Show Less
You do not have access to this content

Human Capital and Development

Lessons and Insights from Korea's Transformation

Ju-Ho Lee, Hyeok Jeong and Song Chang Hong

During recent decades, Korea has been one of only a handful of countries that have made the successful transformation to become a developed nation by simultaneously achieving persistent economic growth combined with a democratic political system. Experts and political leaders worldwide have attributed this achievement to investments in people or, in other words, the power of education. Whilst numerous books have highlighted the role of industrial policies, technological growth, and international trade in Korea’s development process, this is one of the first to focus on the role of human capital. It shows how the accumulation of human capital aided transformation and helps explain the policies, strategies and challenges that Korea faces now and in the future.
Show Summary Details
You do not have access to this content

Chapter 6: Fostering project-based learning and performance assessment

Ju-Ho Lee, Hyeok Jeong and Song Chang Hong


In March 2016, it was a shock to Koreans when Google DeepMind’s artificial intelligence AlphaGo scored four wins and only one loss against Korean Go Master Lee Sedol, who is considered one of the best Go players in the world. For most Koreans, the predictions made by the Fourth Industrial Revolution Report (Schwab, 2016) presented at the Davos Forum in January 2016 seemed unreal at the time. It predicted that as digital technologies are exponentially integrated into areas of physics and biology, the way of living could change fundamentally through the emergence of new technologies such as cloud computing, big data, artificial intelligence, Internet of Things (IOT), and 3D printing. However, through the game of Go between a man and a machine, Koreans could see vividly that the Fourth Industrial Revolution was just around the corner. Furthermore, several forecasts on the labor market changes from the Fourth Industrial Revolution1 predicted that half of the current jobs could be gone by the time elementary school children become job seekers. Such warning was enough to spark a sense of crisis to parents and students in Korea that they are being educated for jobs that would eventually disappear. As a result, discussions on the necessary skills and the ways of teaching and learning these skills in anticipation of rapid technological changes were transformed into a more tangible and concrete question about how best to change the learning system in response to the Fourth Industrial Revolution.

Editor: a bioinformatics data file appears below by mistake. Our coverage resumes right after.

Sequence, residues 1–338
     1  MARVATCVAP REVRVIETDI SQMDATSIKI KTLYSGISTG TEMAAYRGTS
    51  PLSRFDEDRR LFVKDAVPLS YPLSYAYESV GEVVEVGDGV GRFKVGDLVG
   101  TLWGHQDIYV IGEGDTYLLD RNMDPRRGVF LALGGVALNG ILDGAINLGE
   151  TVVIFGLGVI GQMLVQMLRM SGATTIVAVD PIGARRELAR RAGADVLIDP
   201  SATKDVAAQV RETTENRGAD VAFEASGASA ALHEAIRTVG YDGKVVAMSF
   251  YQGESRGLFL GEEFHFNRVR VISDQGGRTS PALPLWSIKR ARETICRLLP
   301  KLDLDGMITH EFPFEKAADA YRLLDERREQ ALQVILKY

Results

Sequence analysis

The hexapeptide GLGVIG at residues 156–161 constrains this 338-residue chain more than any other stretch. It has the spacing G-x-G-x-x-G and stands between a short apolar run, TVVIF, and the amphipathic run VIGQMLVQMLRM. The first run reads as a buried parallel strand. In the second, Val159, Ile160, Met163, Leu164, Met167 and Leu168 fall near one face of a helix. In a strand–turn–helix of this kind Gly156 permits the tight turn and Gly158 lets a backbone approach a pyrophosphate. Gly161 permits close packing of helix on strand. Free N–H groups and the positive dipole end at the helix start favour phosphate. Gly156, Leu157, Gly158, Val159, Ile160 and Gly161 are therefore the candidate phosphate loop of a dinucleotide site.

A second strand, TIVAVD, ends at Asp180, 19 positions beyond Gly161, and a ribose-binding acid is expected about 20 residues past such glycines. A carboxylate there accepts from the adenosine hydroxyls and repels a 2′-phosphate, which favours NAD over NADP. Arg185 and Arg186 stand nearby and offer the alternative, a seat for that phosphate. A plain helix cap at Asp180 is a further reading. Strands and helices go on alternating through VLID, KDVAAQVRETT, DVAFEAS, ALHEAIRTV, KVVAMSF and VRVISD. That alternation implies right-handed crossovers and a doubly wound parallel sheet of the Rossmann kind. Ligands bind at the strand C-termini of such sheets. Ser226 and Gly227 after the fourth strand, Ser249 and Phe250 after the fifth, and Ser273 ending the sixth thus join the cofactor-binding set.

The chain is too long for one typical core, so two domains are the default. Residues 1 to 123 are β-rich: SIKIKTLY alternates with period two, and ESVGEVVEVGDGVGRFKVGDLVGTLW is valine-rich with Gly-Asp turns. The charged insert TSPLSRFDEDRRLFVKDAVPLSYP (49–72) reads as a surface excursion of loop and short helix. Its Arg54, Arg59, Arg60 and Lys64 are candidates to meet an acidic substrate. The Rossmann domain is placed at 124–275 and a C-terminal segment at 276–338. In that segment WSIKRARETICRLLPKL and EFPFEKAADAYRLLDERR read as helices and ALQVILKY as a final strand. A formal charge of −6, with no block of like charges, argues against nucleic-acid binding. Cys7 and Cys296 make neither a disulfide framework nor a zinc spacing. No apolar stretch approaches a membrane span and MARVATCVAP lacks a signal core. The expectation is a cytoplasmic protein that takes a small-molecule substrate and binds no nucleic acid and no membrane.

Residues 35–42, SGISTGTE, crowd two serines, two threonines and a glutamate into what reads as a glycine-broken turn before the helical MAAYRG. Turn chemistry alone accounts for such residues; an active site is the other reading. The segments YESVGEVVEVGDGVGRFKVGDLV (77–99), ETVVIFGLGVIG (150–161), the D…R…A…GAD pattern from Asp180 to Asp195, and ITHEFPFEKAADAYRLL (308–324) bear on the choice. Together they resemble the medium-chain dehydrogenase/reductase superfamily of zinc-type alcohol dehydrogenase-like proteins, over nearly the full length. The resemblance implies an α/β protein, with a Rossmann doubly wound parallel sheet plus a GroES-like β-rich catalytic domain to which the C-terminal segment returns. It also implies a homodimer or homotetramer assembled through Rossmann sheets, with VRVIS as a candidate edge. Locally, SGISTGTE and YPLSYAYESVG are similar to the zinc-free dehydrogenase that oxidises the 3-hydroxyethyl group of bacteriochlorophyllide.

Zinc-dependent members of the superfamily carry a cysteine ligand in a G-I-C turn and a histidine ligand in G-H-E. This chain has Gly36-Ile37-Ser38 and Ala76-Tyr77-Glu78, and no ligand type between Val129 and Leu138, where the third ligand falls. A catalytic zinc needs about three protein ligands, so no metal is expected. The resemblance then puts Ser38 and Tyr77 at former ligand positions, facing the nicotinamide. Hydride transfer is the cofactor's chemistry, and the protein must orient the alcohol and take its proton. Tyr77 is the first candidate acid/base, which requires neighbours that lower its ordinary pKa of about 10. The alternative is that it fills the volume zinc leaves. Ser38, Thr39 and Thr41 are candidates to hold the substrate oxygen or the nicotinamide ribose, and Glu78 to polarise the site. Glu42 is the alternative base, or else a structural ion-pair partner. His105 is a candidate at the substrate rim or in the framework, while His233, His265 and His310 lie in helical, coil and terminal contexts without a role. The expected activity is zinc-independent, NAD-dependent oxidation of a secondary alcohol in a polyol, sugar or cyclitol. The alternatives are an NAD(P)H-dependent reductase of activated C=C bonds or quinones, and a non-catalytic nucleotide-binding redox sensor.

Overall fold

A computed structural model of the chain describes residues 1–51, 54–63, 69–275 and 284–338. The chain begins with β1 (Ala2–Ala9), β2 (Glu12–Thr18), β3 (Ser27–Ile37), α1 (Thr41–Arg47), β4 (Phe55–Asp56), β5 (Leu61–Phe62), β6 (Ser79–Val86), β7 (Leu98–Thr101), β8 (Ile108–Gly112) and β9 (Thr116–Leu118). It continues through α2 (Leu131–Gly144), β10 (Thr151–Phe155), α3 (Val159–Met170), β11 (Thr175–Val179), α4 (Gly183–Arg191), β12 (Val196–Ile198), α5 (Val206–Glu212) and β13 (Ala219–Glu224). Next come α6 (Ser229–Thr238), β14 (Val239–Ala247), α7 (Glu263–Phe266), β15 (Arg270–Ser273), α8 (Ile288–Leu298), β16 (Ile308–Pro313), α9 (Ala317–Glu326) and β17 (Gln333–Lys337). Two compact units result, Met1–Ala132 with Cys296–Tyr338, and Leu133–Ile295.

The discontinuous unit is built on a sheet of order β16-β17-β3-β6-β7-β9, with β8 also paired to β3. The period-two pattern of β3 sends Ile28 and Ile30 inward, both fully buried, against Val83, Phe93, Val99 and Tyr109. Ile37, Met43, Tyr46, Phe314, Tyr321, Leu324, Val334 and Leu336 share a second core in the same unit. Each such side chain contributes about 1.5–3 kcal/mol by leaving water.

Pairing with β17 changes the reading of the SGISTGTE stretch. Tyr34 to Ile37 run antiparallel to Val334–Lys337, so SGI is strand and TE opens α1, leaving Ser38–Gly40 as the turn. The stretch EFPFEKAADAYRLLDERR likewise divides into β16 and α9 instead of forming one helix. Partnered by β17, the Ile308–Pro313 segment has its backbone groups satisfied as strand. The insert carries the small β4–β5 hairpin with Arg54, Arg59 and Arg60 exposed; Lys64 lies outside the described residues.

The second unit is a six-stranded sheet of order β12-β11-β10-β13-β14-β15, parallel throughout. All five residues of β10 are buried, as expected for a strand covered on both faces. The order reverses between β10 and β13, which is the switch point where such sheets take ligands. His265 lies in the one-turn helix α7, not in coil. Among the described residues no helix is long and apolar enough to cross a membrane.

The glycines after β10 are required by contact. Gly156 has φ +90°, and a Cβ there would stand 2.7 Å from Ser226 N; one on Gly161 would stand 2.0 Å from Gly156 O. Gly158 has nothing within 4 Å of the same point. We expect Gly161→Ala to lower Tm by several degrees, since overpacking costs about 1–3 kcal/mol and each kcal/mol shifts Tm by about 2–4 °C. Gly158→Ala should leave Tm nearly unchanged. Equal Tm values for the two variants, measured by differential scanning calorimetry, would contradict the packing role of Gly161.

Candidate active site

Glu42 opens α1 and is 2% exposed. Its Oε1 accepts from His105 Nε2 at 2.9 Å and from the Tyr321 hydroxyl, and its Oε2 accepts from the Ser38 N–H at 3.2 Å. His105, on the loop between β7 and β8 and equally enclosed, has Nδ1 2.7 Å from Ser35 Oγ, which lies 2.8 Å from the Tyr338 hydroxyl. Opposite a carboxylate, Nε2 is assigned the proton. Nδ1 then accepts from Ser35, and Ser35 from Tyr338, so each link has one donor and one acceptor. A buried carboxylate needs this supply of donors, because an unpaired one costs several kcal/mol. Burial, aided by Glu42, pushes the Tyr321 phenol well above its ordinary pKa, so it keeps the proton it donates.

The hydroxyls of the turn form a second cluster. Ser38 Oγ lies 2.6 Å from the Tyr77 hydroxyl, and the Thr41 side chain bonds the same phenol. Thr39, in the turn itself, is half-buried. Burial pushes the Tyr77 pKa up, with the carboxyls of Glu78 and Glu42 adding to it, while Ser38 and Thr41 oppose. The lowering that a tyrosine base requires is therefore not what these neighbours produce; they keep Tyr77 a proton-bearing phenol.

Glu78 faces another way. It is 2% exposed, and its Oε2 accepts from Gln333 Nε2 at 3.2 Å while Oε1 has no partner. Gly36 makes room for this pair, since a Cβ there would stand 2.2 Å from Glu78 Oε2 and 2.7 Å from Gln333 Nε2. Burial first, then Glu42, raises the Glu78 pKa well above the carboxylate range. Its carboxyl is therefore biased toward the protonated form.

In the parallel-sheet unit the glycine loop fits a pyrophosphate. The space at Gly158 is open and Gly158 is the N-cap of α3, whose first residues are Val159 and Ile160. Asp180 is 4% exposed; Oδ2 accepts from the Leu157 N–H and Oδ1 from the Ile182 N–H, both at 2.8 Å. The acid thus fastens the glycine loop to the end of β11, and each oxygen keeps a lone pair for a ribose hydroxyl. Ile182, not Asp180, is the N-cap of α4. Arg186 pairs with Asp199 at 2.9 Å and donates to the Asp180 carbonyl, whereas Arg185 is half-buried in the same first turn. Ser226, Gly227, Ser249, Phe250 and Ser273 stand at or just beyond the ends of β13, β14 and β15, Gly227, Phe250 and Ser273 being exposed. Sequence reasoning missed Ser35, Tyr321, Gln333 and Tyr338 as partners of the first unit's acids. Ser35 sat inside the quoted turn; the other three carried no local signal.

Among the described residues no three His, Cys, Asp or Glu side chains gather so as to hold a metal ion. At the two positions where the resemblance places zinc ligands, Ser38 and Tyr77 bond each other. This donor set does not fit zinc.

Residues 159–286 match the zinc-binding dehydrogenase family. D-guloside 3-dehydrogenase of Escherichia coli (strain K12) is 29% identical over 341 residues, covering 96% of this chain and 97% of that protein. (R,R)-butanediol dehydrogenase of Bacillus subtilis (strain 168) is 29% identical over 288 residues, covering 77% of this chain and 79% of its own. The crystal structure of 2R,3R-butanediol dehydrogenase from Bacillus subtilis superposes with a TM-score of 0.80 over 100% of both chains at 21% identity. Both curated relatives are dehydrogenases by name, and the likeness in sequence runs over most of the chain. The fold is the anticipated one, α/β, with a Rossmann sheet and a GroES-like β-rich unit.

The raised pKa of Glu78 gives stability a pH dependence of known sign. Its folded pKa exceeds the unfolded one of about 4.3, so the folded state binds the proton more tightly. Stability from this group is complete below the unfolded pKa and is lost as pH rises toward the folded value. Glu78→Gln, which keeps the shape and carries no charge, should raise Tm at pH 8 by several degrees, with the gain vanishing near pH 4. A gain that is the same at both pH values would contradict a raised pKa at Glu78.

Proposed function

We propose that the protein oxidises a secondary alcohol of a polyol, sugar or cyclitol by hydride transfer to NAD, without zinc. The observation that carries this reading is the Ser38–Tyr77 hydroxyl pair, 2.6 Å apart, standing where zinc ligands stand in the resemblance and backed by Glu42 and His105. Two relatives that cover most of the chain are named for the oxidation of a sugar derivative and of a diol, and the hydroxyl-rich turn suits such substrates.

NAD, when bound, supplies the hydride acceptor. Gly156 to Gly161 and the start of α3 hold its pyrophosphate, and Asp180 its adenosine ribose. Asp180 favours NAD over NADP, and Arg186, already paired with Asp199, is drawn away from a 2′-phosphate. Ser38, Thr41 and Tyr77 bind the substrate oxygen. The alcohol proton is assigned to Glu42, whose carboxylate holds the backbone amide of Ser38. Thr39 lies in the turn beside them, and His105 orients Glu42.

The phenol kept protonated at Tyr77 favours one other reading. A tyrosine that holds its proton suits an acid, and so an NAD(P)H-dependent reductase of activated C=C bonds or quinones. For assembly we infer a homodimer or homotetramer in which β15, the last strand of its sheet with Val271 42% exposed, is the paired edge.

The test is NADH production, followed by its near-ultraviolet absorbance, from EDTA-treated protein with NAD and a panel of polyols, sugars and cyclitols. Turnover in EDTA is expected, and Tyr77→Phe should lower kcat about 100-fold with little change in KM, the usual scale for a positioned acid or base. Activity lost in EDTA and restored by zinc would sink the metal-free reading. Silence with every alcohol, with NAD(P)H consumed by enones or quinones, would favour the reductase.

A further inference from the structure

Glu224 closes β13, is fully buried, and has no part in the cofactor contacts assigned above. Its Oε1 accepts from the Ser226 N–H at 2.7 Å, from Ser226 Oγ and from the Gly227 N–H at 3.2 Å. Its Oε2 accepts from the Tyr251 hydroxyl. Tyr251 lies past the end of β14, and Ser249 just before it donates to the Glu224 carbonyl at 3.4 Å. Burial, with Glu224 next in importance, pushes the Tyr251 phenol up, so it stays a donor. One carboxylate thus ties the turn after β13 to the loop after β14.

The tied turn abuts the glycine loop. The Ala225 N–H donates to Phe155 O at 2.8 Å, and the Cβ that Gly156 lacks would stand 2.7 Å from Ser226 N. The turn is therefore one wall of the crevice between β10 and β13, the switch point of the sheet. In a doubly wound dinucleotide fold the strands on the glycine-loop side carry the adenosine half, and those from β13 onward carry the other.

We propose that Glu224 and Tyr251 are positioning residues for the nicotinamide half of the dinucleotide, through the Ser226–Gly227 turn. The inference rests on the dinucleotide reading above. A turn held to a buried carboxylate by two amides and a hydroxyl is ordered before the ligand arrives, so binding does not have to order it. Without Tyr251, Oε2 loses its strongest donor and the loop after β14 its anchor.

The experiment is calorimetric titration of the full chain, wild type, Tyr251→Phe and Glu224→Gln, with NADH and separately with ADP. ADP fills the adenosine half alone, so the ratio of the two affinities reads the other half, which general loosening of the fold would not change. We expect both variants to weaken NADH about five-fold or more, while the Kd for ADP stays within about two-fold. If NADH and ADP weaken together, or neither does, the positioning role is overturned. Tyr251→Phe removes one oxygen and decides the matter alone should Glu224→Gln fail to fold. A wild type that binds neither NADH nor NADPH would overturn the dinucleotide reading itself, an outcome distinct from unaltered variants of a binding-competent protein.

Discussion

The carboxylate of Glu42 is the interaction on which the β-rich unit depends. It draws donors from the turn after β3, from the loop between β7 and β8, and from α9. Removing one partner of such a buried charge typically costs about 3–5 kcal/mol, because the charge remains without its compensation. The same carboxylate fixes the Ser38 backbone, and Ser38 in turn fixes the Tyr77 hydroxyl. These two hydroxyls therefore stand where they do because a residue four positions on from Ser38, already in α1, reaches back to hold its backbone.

You are not authenticated to view the full text of this chapter or article.

Elgaronline requires a subscription or purchase to access the full text of books or journals. Please login through your library system or with your personal username and password on the homepage.

Non-subscribers can freely search the site, view abstracts/ extracts and download selected front matter and introductory chapters for personal use.

Your library may not have purchased all subject areas. If you are authenticated and think you should have access to this title, please contact your librarian.

Further information

or login to access all content.